The law group also argued that the District Court’s decision regarding standing should be reversed. It says the lower court overlooked how the Supreme Court’s decision in Thole, a case regarding a defined benefit (DB) plan, also applies to DC plans.

The Supreme Court held that the Thole plaintiffs lacked Article III standing to sue the plan’s fiduciaries because they lacked a pecuniary interest in the case, saying that, win or lose, the plaintiffs would “receive the exact same monthly benefits that they are already slated to receive, not a penny [more or] less.” While the District Court in the Universal Health Services case grouped 401(k) plans in with private trusts when rejecting the Thole plaintiffs’ standing arguments, it erred in its logic, WLF contends.

The court grouped private trusts and 401(k) plans together because, in both situations, the fiduciaries’ financial decisions determine the eventual payout. “A trustee that wisely invests funds can distribute more money when the trust expires. And when 401(k) fiduciaries make shrewd investment decisions, the plan participants’ accounts grow,” WLF further explained.

However, the law group argues that, rather than apply that on a plan-wide basis, the District Court’s reasoning is why the plaintiffs have standing to challenge only decisions for the seven investment options they selected. “If UHS breached its fiduciary duties to plaintiffs, and the plaintiffs’ accounts are worth less, then the plaintiffs have an interest in the litigation. This is the type of concrete injury Article III requires,” WLF explains. “Yet plaintiffs’ 401(k) accounts will not grow or shrink by ‘a penny’ based on the other 30 investment options’ performance.”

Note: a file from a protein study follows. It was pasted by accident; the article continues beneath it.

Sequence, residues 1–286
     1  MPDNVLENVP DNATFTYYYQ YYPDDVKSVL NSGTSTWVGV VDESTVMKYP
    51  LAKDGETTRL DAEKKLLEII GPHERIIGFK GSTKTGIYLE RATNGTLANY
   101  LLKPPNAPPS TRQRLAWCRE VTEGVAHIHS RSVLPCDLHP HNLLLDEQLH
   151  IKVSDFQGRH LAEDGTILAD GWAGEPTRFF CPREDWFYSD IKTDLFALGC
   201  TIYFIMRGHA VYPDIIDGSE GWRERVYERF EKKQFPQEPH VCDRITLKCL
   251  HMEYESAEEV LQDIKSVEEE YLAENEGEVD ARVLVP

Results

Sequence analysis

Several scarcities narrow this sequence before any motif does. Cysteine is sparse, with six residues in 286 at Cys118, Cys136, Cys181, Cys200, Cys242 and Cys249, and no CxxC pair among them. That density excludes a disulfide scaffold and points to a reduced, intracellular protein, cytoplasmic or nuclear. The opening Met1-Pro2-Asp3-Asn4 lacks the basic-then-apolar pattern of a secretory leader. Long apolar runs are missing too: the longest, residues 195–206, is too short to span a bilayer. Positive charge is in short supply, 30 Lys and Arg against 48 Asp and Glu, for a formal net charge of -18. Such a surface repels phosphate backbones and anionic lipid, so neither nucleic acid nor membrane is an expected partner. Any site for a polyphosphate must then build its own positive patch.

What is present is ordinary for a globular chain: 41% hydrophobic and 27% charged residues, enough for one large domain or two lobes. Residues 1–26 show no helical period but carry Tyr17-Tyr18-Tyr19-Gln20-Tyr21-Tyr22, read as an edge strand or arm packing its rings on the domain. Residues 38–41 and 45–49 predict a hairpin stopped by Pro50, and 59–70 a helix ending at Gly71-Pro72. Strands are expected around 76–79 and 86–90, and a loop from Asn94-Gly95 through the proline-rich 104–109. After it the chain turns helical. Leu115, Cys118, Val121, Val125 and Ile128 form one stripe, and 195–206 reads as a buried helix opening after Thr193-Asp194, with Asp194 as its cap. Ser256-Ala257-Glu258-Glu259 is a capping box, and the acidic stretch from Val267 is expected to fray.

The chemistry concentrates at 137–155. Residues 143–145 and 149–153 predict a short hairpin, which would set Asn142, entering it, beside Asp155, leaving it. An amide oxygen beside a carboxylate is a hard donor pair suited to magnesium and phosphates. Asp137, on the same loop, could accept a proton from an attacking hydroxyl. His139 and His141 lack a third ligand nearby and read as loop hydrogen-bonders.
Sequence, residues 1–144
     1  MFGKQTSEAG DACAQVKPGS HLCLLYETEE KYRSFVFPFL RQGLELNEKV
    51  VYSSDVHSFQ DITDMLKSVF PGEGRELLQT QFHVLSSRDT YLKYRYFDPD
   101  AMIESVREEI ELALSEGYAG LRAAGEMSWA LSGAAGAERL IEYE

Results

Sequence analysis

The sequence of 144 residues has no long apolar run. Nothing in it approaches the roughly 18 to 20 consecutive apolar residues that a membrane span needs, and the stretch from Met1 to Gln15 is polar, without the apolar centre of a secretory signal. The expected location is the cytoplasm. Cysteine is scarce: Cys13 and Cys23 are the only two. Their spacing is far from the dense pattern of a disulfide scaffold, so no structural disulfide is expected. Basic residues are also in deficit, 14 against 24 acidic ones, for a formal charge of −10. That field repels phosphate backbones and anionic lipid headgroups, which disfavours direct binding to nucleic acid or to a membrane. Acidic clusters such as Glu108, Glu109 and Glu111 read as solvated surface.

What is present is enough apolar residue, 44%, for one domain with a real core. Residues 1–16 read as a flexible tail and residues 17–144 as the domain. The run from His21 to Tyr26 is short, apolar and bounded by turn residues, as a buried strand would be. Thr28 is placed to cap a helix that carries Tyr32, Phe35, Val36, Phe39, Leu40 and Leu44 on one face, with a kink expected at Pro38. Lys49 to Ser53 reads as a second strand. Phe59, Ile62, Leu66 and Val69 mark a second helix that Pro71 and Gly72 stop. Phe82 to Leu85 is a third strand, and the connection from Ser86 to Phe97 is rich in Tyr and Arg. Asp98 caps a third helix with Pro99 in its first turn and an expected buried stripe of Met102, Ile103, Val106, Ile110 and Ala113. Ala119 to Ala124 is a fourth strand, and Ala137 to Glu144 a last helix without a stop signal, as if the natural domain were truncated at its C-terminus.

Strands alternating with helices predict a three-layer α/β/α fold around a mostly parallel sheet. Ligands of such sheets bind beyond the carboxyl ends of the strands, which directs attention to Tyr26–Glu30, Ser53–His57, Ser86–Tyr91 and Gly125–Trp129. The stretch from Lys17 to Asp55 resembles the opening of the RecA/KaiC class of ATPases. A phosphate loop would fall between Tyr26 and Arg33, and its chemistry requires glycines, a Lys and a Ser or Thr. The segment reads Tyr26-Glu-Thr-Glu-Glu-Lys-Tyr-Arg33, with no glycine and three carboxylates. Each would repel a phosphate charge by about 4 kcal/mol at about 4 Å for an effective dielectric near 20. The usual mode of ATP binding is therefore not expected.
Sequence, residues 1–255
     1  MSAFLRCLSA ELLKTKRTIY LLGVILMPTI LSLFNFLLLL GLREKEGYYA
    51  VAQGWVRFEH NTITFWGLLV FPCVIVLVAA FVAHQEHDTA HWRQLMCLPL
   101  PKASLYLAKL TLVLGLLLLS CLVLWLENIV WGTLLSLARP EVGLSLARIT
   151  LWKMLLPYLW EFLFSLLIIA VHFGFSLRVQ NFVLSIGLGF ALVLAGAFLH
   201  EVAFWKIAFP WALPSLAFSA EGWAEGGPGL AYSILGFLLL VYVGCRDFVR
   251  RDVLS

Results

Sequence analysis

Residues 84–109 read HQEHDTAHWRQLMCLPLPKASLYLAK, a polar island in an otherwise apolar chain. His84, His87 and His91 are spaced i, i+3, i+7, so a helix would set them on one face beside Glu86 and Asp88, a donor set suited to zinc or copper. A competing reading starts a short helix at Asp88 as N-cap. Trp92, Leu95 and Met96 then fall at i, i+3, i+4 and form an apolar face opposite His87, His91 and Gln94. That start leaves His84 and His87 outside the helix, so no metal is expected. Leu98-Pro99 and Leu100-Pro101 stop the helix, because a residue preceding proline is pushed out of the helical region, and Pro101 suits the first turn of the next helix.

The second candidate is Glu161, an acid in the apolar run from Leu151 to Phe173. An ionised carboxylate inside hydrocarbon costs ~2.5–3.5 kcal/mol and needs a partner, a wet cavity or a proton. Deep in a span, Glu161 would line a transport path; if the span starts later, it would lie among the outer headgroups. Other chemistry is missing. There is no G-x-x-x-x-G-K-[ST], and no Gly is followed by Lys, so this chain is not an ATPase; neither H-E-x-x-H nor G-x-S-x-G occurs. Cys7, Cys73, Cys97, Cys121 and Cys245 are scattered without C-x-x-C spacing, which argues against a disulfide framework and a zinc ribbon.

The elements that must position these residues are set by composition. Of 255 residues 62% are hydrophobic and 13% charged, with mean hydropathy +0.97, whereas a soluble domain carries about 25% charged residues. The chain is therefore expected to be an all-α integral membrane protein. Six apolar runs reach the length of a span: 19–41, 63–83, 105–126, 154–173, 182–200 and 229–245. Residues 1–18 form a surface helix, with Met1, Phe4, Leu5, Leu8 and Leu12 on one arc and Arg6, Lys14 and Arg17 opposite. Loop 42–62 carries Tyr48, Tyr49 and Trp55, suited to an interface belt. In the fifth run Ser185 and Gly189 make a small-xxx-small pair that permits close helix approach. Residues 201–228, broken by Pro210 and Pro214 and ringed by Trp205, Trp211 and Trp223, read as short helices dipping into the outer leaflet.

The Supreme Court rejected the Thole plaintiffs’ argument that they could sue on the plan’s behalf. It said individuals cannot sue on behalf of an Employee Retirement Income Security Act (ERISA) plan unless they themselves have suffered an injury in fact. So, WLF says, since the plaintiffs in the Universal Health Services case have not suffered an injury in fact linked to the 30 other investment options, they cannot sue over those options as a plan representative.

WLF adds that the plaintiffs cannot assert standing as an assignee. The Supreme Court held in Thole that to sue in this capacity, they must show that the plan appointed them as representatives with the right to sue on its behalf. They were not so appointed.

WLF addresses the 3rd Circuit opinions the District Court used to support its decision by pointing out that those decisions were made prior to the Supreme Court decision in Thole. The lower court also used decisions made in other district courts to support its argument, but WLF says “those courts lacked the benefit of the Supreme Court’s more recent standing decisions when analyzing the plaintiffs’ standing arguments.” It adds, “This court should give no weight to these decisions, whose analysis Thole and TransUnion rejected. Rather, it should focus on those two Supreme Court decisions that show why plaintiffs lack standing to assert claims about the other 30 investment options.”

WLF alleges that the District Court allowed the plaintiffs to combine claims for which they have standing and claims for which they lack standing into a single count to avoid Article III’s requirements.